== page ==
We need to understand why CMS thinks they need to do this with just this one school. Wake county does it in order to better utilize buildings. Some school ssytems (whole systems) do it as an academic enhancement strategy. However, no studies have supported that premise yet.

However, in the case of CMS and as you read between the lines, CMS appears to be taking on the responsibility of providing the off session care for these kids. Again, more of what Kojo and his ilk want is for the government to take care of their children so the parents will not be bothered with them.

Anonymous said...

5:52 does have a point. Competent teachers should be assured a job assignment if they can't work a year- round schedule. Nobody likes to be displaced but if you're working for CMS this comes with the territory. Fact of life.

I'm generally delighted to comment on the plethora of blockheaded things CMS does. However, I am going to have to give CMS officials some credit (ta, da!) for taking their time thinking this plan through instead of hastily slapping something together with all sorts of pie-in-the-sky promises and wishful "projected" data. CMS is brilliant at both.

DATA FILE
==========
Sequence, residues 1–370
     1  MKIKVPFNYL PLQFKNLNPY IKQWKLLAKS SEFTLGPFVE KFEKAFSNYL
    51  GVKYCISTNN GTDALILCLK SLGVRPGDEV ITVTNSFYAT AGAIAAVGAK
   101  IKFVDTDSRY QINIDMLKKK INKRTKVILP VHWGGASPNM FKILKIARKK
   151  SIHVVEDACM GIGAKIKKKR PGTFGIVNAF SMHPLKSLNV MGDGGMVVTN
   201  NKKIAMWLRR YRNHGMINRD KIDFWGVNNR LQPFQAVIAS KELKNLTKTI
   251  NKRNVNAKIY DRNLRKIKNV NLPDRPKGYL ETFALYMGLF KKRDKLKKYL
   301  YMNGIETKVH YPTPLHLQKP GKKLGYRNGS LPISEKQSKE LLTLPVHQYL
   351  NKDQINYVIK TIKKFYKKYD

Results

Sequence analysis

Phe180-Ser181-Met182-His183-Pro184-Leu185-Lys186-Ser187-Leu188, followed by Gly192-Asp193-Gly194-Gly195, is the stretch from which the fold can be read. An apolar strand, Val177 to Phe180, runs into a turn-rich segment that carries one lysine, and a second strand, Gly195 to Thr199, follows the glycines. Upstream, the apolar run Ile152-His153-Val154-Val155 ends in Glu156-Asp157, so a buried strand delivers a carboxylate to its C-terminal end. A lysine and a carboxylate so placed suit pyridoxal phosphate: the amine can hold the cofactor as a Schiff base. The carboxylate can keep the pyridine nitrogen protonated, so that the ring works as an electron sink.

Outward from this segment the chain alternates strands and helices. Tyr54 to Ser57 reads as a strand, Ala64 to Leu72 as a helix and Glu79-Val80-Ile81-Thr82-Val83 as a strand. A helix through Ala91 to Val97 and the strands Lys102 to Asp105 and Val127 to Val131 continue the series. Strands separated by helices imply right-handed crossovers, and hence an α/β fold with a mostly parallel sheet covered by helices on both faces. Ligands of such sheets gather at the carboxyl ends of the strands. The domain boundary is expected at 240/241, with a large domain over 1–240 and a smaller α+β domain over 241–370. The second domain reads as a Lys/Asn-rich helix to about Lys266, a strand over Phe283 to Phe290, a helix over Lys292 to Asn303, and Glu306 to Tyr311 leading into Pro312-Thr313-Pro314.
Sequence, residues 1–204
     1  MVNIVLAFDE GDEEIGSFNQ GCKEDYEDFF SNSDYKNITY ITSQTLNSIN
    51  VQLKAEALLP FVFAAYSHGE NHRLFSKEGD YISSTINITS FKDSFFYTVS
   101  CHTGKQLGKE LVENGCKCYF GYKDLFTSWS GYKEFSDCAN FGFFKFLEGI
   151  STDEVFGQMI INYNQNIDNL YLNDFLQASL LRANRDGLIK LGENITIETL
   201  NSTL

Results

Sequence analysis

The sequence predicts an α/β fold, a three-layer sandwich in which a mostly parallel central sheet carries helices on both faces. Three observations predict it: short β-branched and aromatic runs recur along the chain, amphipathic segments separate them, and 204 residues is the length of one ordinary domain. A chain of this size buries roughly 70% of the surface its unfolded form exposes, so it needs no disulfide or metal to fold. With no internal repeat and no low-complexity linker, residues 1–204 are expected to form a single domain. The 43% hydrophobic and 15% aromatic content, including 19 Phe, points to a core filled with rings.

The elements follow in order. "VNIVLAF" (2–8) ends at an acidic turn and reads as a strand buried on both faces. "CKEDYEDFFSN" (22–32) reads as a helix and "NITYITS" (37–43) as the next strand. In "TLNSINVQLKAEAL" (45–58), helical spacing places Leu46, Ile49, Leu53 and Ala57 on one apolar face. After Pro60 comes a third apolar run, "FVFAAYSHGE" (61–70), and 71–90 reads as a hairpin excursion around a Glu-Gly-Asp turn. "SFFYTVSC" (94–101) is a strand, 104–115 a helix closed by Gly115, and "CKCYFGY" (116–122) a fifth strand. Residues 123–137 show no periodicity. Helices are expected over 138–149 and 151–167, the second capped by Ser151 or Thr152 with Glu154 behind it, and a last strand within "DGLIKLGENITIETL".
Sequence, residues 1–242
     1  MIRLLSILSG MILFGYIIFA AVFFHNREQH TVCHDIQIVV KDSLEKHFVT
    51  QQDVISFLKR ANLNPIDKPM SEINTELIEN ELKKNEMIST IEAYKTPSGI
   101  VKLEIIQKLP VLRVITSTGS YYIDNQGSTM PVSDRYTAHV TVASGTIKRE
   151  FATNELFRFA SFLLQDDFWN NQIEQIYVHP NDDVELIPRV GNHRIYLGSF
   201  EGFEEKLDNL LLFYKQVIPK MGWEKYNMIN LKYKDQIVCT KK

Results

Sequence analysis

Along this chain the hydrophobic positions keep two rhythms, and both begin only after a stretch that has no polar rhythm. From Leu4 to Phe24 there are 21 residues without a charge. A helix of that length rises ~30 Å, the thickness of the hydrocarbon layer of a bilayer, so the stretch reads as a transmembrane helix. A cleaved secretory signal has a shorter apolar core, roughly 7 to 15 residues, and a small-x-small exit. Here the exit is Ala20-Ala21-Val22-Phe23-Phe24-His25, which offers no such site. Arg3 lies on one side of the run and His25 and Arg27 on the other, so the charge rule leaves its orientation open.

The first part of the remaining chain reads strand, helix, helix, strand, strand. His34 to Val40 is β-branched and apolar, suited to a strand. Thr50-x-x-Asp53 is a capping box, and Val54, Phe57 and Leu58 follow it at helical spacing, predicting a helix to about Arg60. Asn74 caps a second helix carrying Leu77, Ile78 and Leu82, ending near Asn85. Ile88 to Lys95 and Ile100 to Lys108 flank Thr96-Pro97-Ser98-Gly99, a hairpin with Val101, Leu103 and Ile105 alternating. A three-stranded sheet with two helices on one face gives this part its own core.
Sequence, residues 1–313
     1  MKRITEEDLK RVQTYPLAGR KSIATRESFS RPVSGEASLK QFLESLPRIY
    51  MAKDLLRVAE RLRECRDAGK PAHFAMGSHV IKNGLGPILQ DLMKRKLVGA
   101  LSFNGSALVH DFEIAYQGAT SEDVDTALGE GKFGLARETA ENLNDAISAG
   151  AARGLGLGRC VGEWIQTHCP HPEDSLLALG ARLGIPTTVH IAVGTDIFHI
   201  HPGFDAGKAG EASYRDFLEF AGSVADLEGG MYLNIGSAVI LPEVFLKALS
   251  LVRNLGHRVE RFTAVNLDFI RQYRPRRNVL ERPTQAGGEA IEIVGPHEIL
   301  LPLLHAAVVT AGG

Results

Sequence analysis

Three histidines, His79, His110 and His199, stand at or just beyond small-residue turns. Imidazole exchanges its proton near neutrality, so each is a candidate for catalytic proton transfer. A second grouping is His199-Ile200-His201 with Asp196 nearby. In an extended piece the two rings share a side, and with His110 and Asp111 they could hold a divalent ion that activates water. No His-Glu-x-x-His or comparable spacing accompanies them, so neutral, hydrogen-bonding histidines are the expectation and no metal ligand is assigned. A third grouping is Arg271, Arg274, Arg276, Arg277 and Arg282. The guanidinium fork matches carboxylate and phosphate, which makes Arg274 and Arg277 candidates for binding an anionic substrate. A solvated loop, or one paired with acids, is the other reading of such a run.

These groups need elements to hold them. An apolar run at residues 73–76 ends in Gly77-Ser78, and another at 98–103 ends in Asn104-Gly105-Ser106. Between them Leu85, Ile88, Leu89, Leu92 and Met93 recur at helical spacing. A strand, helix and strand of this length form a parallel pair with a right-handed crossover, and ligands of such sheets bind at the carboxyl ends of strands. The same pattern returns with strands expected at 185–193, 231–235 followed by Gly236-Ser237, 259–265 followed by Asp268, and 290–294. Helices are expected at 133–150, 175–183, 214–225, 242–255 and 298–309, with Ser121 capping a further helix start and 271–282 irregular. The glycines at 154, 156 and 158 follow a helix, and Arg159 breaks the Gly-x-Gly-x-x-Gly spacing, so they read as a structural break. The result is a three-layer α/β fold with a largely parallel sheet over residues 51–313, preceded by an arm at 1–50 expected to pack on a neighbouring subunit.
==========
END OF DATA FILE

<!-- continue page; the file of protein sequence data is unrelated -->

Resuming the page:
First Ward Center for the Arts (FWCA - I like it!) is an ideal location if one of the goals is to attract a rainbow of families to the school. I hate the word "diverse" because in Charlotte this word comes with lots of heavy baggage. I'm also am not a fan of the word "academy". Every "academy" I've ever known associated with urban education has baggage. CMS ain't Andover or Choate. While I'm at, it the word "creative" in a title is too loosy-goosy for many parents. Parents prefer "ballet" over "creative movement" when they're opening their wallets for private lessons even if their kid is 3-years-old and you're teaching "ballet" as part of a creative movement class (note to Dance Education specialists who want to keep their plentiful jobs). Let's be honest here.